Building a house on your land: A key word in your builder's contract

    I've written about this before, but there are two basic types of homebuilding contracts: cost plus and fixed price. I'm going to address a key exception in the fixed-price contract that you need to be aware of and understand before you sign it.

    In a fixed-price contract, your builder promises to build a house that conforms to the plans and specifications in exchange for a fixed price. That means you get what the documents say you get, and the price won't change even if the builder's costs change. If he estimates low on an item, he eats the difference. If he estimates high, he keeps the difference.

    There is one exception, and while there's no way around it in some cases, it should be pretty limited in the fixed-price contract. The exception: allowances. So what's an allowance?

    Let's say you know you want to install landscaping around your new home when it's finished, but you want to create the landscape plan and specify the types of plants once you can see the finished house. Sounds reasonable.

    But, if you're entering a fixed-price contract with your builder, how do you put a price on something that isn't defined yet? You create an allowance. You work together to come up with a budget that makes sense, and you make it a line item in the specifications that go with the contract. It will say something like, "Landscape Allowance: $3,000." That simply means you have a $3,000 allowance for landscaping, and if you go over that, you pay the difference. If you stay under, you get the difference back, or reduce the total contract price by that amount.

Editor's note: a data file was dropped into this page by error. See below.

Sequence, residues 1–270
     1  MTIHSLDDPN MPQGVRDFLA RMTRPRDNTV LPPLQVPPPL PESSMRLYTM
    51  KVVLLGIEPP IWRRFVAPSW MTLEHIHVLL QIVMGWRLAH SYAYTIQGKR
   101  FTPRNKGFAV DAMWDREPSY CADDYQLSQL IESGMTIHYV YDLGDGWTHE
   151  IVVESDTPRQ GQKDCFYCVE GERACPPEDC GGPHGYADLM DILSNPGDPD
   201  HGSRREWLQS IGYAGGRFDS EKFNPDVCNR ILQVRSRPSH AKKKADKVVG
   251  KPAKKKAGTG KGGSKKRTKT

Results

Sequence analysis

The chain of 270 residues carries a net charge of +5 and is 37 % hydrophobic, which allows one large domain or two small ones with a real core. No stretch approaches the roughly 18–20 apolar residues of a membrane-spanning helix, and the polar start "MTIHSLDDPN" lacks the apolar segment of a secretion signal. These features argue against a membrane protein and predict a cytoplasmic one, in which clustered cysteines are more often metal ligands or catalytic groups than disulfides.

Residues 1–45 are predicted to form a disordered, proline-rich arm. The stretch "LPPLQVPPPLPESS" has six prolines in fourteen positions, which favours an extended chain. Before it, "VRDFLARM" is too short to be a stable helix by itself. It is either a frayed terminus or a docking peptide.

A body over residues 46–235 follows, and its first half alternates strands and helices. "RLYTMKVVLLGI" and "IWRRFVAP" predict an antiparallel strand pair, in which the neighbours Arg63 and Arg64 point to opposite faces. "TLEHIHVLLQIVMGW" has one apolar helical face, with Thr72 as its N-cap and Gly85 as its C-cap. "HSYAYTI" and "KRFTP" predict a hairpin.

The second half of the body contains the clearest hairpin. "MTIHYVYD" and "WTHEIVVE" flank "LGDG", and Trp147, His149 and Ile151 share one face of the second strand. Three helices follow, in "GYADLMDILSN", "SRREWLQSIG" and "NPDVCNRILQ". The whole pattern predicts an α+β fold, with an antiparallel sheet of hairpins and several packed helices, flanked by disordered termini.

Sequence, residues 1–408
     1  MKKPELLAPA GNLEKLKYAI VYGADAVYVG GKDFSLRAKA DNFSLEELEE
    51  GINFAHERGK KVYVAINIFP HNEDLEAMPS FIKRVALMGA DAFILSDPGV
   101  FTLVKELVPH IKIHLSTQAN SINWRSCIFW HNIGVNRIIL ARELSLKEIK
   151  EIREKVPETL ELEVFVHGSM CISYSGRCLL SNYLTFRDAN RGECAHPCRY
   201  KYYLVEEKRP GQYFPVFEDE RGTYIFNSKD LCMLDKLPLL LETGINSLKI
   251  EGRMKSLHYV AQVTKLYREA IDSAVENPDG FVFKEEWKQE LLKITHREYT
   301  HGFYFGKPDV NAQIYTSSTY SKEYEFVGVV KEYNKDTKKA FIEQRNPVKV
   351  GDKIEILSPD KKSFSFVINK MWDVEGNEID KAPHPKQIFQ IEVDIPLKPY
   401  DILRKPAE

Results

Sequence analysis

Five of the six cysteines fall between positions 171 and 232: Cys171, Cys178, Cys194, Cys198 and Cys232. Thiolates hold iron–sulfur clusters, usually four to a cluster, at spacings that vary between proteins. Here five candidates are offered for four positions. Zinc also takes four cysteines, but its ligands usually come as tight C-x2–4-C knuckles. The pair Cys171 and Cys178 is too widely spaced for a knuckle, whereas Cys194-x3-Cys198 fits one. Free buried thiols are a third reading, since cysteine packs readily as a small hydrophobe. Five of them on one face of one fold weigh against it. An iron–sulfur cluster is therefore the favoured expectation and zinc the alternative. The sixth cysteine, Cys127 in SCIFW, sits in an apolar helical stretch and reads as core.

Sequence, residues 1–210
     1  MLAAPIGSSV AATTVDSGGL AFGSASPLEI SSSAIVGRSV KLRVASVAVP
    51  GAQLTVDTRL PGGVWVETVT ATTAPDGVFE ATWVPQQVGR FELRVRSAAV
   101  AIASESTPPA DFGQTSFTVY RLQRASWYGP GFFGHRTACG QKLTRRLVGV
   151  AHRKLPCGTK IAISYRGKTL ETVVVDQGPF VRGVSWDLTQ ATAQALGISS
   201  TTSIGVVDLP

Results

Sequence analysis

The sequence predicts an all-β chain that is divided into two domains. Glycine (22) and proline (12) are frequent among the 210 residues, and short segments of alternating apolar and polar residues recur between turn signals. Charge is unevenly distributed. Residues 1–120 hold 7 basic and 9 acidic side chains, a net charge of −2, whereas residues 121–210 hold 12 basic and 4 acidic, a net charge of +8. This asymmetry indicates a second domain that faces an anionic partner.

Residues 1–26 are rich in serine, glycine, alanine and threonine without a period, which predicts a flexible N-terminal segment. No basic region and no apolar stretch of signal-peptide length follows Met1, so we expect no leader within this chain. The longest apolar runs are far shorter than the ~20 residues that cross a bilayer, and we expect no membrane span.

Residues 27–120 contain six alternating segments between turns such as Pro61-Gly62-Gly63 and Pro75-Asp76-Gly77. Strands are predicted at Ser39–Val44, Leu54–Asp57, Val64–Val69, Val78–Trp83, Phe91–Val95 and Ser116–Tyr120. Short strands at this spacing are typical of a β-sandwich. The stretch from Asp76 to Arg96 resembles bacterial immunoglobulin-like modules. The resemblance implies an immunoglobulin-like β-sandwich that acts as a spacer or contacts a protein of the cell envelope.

How is that different from every other line item in your specifications? What if the builder specified a particular make and model oven and assigned a price to it? In that case, the builder is agreeing to supply that make and model oven for that price. You have the choice to opt for a different oven and alter the price of the house up or down by the difference, or to have the builder install the specified oven.

    If the builder ends up paying his supplier more than anticipated for the oven, that's his problem. If he ends up paying less, that's his benefit. That's the give-and-take of a fixed-price contract—the builder owns the risk of prices going up, and you get the peace of mind knowing your price won't change.

    The biggest risk with allowances in a fixed-price contract is that they can take over. If you find yourself with lots and lots of items that are "allowances" in a fixed-price contract, then maybe it isn't really a fixed price. There's more homework to do to define what exactly is going into your new home.

    Lots of allowances in a fixed-price contract are a crutch. It's easy for a lazy builder to load it up with allowances, get your signature, and then start building without doing the necessary homework up front.

    The problem comes when allowance after allowance turns out to be too little for the associated item, and you end up way over budget. For example, you have a $7,000 allowance for cabinets, but when it comes time for cabinets, it conservatively takes $9,500 to build the cabinets for your home. You're now $2,500 over budget, and the house is about half done. If that happens with flooring, appliances, light fixtures, and landscaping, you might be in trouble.

    Going over budget shouldn't happen in a fixed-price contract. That's a privilege reserved for the cost-plus crowd.

    2 minute read